thousand. Now, with the redcoats only eight miles away, more
troops are trickling in. None are trained because the government
would not call on them until the danger was "imminent." And some
will not see action because of a maddening bureaucracy. As Winder
fidgets and waits for word of the British line of march, seven
hundred frustrated arrivals from Virginia are vainly attempting
to get arms from the War Department. The clerk in charge arrives
at last and begins doling out flints, one at a time, counting
each carefully. When an officer tries to speed things up, he
starts the count over again. These men will not see action today.
Because he cannot be sure of the British intentions, Winder has
had to divide his forces. Two thousand Marylanders under
BrigadierGeneral Tobias Stansbury occupy Bladensburg. Some
arrived only the previous night and have hardly had time to
settle in. Another six hundred are on their way from Annapolis;
Winder does not know where they are. At the Potomac bridge on the
eastern outskirts of Washington, ready to march in either of two
directions, he has fifteen hundred District of Columbia militia
under Brigadier-General Walter Smith. In addition, there are a
handful of regulars, a couple of hundred dragoons, and four
hundred naval men, anxious to get into action now that the
flotilla has been destroyed.

     The sun is scarcely up before Winder receives mortifying
news from General Stansbury at Bladensburg. Fearing the British
may take another route and cut him off, he has moved his
exhausted Marylanders out of the village and back toward
Washington. Winder orders him forward again. Stansbury's troops,
who have been up most of the night, return as far as the heights
above Bladensburg, commanding the bridge across the river, but do
not occupy the village.
     At ten, Winder's scouts gallop in and the General finally
learns the British intentions: they have taken the longer route
through Bladensburg. That is where he must oppose them. He moves
to combine his forces, orders General Smith to march his brigade
off immediately to join Stansbury. An hour later he follows as
does most of the Cabinet, including the President. James Monroe,
the Secretary of State, a onetime colonel in the Revolutionary
army, dashes on ahead. It has always been his ambition to be
commander-in-chief of the American forces in this war; now he has
a chance to display his military acumen.
     On the heights above the village, John Pendleton Kennedy of
the crack United Company of the 5th Baltimore Light Dragoons -
the "Baltimore 5th," as they are known-can hardly keep himself
awake. He has actually had the novel experience of sleeping while
on the march. What began as a glittering adventure-banners
flying, bands playing, the populace huzzahing at every corner-has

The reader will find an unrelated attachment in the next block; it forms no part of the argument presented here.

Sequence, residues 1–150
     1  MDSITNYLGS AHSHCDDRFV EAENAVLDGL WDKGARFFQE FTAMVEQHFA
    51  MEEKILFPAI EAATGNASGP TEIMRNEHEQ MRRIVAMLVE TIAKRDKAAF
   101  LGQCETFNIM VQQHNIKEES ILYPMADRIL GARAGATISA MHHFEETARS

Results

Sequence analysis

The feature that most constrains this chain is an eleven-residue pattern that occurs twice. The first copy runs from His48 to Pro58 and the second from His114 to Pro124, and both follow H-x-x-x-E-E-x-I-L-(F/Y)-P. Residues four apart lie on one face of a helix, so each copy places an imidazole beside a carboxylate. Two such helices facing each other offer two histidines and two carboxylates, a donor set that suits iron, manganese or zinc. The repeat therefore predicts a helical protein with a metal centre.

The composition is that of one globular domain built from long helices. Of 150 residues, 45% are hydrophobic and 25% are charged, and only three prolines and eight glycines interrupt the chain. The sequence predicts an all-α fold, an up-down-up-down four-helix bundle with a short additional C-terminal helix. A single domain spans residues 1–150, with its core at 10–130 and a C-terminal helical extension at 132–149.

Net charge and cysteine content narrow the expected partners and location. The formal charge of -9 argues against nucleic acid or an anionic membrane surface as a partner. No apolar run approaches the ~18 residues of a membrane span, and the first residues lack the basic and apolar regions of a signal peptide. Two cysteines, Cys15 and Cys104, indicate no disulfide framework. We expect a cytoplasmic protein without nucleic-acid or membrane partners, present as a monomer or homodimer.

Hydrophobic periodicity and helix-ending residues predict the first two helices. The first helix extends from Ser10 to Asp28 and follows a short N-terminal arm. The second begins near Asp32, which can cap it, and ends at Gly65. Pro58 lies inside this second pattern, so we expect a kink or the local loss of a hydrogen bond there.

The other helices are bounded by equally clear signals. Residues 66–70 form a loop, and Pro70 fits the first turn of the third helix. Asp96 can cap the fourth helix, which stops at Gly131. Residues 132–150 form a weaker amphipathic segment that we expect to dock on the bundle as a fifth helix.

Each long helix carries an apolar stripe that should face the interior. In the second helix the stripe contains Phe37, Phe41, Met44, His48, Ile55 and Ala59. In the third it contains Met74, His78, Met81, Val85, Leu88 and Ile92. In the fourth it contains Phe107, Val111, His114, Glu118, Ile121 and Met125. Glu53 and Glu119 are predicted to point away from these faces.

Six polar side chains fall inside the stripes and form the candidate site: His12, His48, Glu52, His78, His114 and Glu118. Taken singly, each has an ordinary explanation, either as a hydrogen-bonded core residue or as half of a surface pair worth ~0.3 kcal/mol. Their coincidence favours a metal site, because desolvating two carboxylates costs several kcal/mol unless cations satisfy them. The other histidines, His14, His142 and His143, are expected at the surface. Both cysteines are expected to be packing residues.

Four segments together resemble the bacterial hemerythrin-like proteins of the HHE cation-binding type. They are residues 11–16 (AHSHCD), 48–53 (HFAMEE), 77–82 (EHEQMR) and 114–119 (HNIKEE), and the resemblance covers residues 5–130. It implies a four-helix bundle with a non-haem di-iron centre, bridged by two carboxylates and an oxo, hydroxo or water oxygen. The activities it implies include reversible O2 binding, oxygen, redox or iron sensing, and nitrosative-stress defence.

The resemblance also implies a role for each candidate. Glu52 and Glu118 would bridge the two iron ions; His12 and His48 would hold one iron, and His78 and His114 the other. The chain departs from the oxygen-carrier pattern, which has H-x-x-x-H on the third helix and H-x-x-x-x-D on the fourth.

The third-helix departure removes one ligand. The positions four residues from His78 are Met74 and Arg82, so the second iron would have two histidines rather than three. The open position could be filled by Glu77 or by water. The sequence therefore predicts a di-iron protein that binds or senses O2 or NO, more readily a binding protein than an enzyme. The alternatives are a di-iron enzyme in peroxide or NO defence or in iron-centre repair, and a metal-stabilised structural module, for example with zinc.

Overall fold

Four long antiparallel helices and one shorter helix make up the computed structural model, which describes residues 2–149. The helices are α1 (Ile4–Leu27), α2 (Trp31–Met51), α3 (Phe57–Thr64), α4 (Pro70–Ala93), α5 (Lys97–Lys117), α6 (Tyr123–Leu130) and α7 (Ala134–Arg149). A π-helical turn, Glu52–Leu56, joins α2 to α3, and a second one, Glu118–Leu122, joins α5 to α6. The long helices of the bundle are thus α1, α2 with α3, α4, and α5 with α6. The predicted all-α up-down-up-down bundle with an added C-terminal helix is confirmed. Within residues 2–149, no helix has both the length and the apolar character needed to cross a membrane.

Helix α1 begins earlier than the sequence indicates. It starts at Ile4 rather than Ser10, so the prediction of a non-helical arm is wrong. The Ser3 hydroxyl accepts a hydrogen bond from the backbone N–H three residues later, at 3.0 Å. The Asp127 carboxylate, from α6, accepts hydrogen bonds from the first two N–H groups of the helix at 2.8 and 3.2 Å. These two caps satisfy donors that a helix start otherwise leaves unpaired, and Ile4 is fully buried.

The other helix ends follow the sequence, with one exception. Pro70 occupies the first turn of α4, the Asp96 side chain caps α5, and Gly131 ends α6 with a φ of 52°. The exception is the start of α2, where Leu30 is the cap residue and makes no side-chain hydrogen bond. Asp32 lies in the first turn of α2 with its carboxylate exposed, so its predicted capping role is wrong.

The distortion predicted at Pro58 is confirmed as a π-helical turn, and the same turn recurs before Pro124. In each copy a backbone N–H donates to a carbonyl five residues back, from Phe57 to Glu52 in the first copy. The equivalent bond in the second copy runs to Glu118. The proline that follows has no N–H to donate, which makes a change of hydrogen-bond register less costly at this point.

taken a darker turn. His comrades belong to the elite of
Baltimore-barristers, professionals, wealthy merchants; he and
his five friends have even brought along a black servant, Lige,
to wait on them. But now the picnic is over. Routed out in the
dark only hours after arriving, their kits in disarray, marched
and countermarched in the night, they are used up. Kennedy has
lost his boots in the midnight scramble to retire and is wearing
dancing pumps on his swollen feet.
     The British are only three miles away, but now another
mix-up bedevils the Baltimore 5th. Having taken their position on
the left of the forward line, supporting the riflemen and
artillery, they are suddenly ordered back a quarter of a mile to
an exposed position which leaves the forward guns and rifles
without support. This is the work of Monroe, the Secretary of
State, who has butted in, uninvited and without the knowledge of
General Stansbury. By the time Winder arrives to inspect the
lines, it is too late to make any change.
     Stansbury's force is deployed in two ragged lines: the
sharpshooters (most of whom have only muskets, not rifles) and
cannons well forward, the three Maryland regiments some distance
behind with the crack 5th on the left, its field of fire impeded
by an orchard. These will bear the brunt of the British attack. A
mile to the rear, another line is hastily forming as the troops
arrive-Smith's brigade from Washington and several hundred
footsore militia from Annapolis, who have already marched sixteen
miles. None, save a few regulars and the naval detachment, have
had any recent training because, as the Secretary of War has told
Winder, the best way to use the militia is on the spur of the
occasion-to bring them to fight as soon as called out.
     The Secretary of War is the last of the Cabinet to arrive on
the heights above Bladensburg. The President is already here, a
small, frail figure in black, two borrowed duelling pistols at